Disputations on Aristotle’s Organon

Milan, 1600-1601. 

Manuscript on paper, in Latin, small 4to (175 x 133 mm), ff. [3 (blank)], [448], [14 (blank)], a few leaves evidently excised; neatly written in brown ink in a single small hand, up to 17 lines per page, calligraphic headings, occasional marginal notes in the same hand, drawings of sacred hearts (e.g. ff. 28r and 336v); engraving of Christ crowning the Virgin by Pierre Firens bound in as frontispiece; a few small marginal wormholes, some light marginal dampstaining to last few quires, a few ink stains; overall very good in contemporary vellum, vestigial fabric ties to fore-edge, spine lined with printed waste; small losses to edges of upper cover, some staining.


US $1517€1444

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An interesting manuscript comprising disputations on the first four works of Aristotle’s Organon, covering logical analysis and dialectic, compiled by a Milanese student at the turn of the seventeenth century.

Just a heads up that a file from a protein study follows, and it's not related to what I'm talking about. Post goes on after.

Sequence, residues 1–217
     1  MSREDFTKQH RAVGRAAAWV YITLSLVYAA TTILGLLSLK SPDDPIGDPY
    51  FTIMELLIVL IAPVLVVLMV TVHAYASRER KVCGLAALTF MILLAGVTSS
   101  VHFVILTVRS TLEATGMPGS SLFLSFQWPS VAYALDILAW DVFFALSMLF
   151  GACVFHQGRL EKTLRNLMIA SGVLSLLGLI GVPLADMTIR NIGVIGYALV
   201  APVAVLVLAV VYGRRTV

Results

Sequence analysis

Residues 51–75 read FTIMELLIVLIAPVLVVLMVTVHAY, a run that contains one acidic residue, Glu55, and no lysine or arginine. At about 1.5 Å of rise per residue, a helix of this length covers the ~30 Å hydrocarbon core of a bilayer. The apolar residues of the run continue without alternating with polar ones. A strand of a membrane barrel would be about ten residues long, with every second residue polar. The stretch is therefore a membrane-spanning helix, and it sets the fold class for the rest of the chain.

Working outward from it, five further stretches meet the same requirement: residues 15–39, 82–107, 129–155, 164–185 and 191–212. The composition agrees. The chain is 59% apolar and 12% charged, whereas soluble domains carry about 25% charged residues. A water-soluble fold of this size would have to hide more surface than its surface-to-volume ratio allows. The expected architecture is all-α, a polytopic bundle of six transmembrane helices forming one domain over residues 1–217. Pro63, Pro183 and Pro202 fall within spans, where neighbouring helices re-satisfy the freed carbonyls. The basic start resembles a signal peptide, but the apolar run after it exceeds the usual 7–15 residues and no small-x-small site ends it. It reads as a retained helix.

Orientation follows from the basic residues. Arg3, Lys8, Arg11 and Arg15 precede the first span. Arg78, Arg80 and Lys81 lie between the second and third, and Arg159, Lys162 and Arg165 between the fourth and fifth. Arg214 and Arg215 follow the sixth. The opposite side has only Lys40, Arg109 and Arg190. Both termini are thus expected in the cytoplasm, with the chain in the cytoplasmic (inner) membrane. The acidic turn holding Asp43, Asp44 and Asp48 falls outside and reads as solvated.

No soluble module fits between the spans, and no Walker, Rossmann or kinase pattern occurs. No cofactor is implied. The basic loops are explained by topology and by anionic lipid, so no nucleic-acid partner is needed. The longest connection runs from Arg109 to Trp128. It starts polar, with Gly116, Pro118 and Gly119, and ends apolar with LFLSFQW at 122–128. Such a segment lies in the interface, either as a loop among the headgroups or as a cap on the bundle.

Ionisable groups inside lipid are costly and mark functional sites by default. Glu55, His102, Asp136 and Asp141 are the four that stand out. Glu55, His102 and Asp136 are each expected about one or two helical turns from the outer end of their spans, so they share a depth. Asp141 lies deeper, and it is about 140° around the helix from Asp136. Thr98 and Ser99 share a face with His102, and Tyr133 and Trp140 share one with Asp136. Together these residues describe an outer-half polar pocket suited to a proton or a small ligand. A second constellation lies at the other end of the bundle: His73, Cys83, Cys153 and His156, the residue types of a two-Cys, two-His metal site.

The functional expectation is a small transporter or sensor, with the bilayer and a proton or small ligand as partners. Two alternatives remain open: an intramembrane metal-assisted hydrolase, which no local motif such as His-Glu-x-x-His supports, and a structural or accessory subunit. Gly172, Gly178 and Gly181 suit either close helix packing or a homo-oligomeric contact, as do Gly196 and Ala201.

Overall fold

Our manuscript was composed by ‘Mattheus Oldellus’ while studying in Milan under father ‘Thomas Cerone’.  The compiler occasionally dates the progress of his studies: ‘Finis tractatus de substantia die 3a mensis Julii Mediolani apud Patrem Thomam Ceroneam’ (f. 50v); ‘die 22 Maii 1601 Mattheus Oldellus scripsit sub Patre Thoma Ceroneo Mediolani’ (f. 336r).  Mattheus was probably a member of the Oldelli family of notaries from Mendrisio and Lugano in Switzerland, just to the north of Milan.  The presence of several sacred hearts within the text (with flames at f. 28r and surmounted by a cross at f. 336v) suggests that Mattheus was studying within a Jesuit milieu, in all likelihood at Milan’s Jesuit College.  Neither student nor teacher appear to have published anything, not being recorded in Sommervogel for example. 

The first part of the volume is devoted to Aristotle’s Categories (ff. 1v-169v), beginning with discussion of equivocal and univocal words before moving on to the categories or praedicamenta themselves, with analysis of substance, quantity, relation, quality, action and affection, time and place, position and condition.  The next section is devoted to On interpretation (ff. 181r-245v) discussing, for example, nouns and verbs, enunciation, truth and falsity, and future propositions.  In the remainder of the manuscript the text provides a thorough analysis of the syllogisms of the Prior Analytics (ff. 246r-300v), and of precognition and demonstration as detailed in the Posterior Analytics (ff. 301r ad finem). 

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